Hardback/ 264 pages/ Rs 795



Comments

Popular posts from this blog

THE GREAT AGRARIAN CONQUEST by NEELADRI BHATTACHARYA

BUY THE PAPERBACK       FROM THE REVIEWS   Review in SOCIAL HISTORY, USA by Benjamin Siegel The Great Agrarian Conquest represents a massive intervention into the contemporary historiography of South Asia, elaborating upon some conventional wisdom but upending a great deal more of it. Readers might well place this book in conversation with works like Ranajit Guha ’ s A Rule of Property for Bengal (1963) and Bernard Cohn ’ s Colonialism and Its Forms of Knowledge (1997), to which The Great Agrarian Conquest owes some preliminary inspiration. Yet what Bhattacharya o ff ers is a wholly original account of the transformation to agrarian colonialism . . .   Few volumes in South Asian history have been more awaited than this monograph, Neeladri Bhattacharya ’ s fi rst. One of the most celebrated mentors and researchers at New Delhi ’ s Jawaharlal Nehru University, Bhattacharya retired in 2017 after a decades-long career. His formal scholarly output, limited to sev

"Every nationality has its own distinct stench": by G. Kanato Chophy

A wonderfully written and deeply moving new book on society and history in Nagaland over the past couple of centuries has just been published by Permanent Black and Ashoka University in collaboration with the New India Foundation. Its young author, G. Kanato Chophy, is one of the brightest Naga scholars on the Indian horizon from the north-east. Permanent Black asked Kanato to reflect on what’s in his book and why he wrote it. For some time now I’ve been wanting to work on a book called “constitutional Indians” – a concept that I have briefly touched upon in the conclusion of the book you’ve just published. My argument in it is that, for a putatively renegade ethnic community like the Nagas, the “idea of India” hangs precariously in the balance, supported by a piece of paper, the Indian Constitution, which we have until recently understood as a guarantee of equal rights to Indian citizens irrespective of religion, ethnicity, class, and gender. I belong to an emerging class of educated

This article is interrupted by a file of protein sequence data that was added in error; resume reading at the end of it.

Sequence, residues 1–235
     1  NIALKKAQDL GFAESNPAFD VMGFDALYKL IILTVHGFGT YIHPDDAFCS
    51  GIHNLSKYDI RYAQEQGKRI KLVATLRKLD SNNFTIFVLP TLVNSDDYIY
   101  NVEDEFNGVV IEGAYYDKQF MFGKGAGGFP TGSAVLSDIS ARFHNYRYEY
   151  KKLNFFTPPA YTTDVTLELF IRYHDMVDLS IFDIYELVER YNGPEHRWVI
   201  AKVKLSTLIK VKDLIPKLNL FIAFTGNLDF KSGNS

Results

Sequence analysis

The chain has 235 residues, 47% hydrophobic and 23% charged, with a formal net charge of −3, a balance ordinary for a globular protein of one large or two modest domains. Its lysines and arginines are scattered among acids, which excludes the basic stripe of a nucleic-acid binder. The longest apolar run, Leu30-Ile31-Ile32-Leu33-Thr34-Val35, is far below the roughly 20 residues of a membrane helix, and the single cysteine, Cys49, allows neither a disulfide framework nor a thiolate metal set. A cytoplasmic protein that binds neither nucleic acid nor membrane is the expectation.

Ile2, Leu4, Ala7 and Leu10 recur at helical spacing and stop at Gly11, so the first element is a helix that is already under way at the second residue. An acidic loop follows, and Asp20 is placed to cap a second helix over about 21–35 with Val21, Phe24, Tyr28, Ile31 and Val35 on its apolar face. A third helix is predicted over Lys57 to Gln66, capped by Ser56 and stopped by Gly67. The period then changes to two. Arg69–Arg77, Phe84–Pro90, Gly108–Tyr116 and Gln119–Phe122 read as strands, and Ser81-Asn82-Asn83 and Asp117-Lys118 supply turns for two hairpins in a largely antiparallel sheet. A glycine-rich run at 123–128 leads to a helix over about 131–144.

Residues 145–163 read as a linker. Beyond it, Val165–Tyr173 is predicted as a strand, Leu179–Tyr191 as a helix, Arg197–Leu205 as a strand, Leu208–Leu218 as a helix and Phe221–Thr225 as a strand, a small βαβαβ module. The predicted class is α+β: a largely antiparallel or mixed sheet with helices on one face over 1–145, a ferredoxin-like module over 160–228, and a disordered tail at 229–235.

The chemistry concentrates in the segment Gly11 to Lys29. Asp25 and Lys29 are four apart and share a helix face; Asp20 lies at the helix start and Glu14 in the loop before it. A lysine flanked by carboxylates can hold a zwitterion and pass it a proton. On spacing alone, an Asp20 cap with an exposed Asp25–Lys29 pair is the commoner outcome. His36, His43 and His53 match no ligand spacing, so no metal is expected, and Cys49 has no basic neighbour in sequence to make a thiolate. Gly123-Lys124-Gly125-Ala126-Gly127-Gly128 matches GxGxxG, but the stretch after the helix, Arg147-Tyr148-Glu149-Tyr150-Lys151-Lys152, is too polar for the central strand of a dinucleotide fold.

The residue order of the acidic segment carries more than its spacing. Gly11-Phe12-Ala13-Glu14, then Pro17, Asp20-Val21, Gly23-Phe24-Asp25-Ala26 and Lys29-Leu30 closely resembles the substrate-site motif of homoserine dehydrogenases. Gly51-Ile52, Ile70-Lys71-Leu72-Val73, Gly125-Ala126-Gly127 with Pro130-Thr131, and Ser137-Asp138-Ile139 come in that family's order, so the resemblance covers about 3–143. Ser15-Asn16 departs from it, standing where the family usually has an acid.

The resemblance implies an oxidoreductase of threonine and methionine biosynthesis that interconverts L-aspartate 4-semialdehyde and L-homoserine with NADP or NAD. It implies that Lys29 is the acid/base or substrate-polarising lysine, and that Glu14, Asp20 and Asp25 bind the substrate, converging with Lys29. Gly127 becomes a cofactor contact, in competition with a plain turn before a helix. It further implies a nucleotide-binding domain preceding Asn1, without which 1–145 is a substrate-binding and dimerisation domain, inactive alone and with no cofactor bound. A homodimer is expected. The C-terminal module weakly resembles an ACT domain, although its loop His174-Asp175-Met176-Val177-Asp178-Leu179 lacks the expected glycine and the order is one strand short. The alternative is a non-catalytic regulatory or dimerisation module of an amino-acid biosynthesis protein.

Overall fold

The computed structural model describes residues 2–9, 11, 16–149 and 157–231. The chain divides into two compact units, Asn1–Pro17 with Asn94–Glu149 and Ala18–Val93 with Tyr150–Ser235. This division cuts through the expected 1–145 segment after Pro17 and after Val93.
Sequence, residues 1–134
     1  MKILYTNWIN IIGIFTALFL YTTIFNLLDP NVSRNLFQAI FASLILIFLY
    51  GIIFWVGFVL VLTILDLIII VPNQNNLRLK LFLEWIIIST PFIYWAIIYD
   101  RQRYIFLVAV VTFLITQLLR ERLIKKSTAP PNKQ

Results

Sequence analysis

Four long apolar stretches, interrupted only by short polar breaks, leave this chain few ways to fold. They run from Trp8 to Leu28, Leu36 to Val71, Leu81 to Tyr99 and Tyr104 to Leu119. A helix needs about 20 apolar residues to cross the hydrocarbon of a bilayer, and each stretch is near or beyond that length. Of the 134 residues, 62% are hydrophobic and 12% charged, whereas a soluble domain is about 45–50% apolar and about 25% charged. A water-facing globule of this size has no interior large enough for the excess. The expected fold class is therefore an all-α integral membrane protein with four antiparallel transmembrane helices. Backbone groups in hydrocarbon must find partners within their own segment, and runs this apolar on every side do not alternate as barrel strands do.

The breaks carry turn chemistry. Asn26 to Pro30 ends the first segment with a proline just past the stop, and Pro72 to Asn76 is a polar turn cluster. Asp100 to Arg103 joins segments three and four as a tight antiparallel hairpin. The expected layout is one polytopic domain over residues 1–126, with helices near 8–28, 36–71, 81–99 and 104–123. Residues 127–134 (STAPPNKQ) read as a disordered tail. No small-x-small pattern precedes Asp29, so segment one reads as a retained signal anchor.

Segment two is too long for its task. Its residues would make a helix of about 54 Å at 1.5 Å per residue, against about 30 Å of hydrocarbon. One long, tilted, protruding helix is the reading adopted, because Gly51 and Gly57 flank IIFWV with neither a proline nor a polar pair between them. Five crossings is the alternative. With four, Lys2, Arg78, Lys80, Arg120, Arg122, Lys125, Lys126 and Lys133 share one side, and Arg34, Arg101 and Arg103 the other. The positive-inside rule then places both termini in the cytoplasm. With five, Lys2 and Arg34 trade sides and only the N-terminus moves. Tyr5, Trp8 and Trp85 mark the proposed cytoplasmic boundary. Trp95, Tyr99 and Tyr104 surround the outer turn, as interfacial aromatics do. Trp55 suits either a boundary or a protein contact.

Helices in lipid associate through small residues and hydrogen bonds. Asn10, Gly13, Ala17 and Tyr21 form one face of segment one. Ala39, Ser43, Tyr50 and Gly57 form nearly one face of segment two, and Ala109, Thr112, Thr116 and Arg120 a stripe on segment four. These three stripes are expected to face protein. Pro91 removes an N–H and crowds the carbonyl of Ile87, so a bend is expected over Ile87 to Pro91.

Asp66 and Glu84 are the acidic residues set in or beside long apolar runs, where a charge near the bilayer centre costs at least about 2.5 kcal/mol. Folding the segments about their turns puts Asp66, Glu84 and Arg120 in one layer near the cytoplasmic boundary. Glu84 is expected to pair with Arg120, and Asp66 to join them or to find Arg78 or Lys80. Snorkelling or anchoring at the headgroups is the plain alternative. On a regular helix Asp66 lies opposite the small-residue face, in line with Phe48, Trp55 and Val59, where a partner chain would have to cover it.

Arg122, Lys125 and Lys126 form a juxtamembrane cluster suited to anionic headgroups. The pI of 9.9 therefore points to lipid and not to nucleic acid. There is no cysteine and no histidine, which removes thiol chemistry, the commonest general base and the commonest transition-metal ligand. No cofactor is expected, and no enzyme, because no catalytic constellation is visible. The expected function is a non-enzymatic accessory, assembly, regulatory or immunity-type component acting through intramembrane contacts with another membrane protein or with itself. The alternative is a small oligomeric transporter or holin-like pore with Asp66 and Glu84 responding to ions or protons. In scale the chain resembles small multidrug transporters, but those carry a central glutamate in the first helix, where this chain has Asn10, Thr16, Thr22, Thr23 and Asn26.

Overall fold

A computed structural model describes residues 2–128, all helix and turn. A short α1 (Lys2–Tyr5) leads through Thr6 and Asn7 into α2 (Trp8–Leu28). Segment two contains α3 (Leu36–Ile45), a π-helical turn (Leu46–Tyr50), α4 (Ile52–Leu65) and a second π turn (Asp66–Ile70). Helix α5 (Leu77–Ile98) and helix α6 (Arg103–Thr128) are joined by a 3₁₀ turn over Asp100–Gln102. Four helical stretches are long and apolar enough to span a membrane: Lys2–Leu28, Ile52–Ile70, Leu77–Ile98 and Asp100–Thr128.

Dhriti K. Lahiri Choudhury

We are very sad to know that Professor Dhriti K. Lahiri Choudhury has passed away. He died on Friday morning in Calcutta.  Dr Lahiri Choudhury, born in 1931, did many things: with a PhD from Leeds in English Literature, he combined his work with elephants with teaching at Rabindra Bharati University. He was a member of the IUCN elephant group and of Project Elephant. It was a joy for us to publish his Trunk Full of Tales: Seventy Years with the Indian Elephant -- the editorial sessions involved long, old-style sessions of story-telling which should have been around a campfire. He would tell of his many hair-raising journeys across Assam, Meghalaya, Bengal, the Barak Valley and elsewhere, in search of rogue elephants or on arduous elephant surveys, when the evenings always began with emptying blood-soaked boots of leeches; he would talk lovingly of the elephants in his childhood home in Mymensingh -- now in Bangladesh -- their names and foibles; and of drinking elephant milk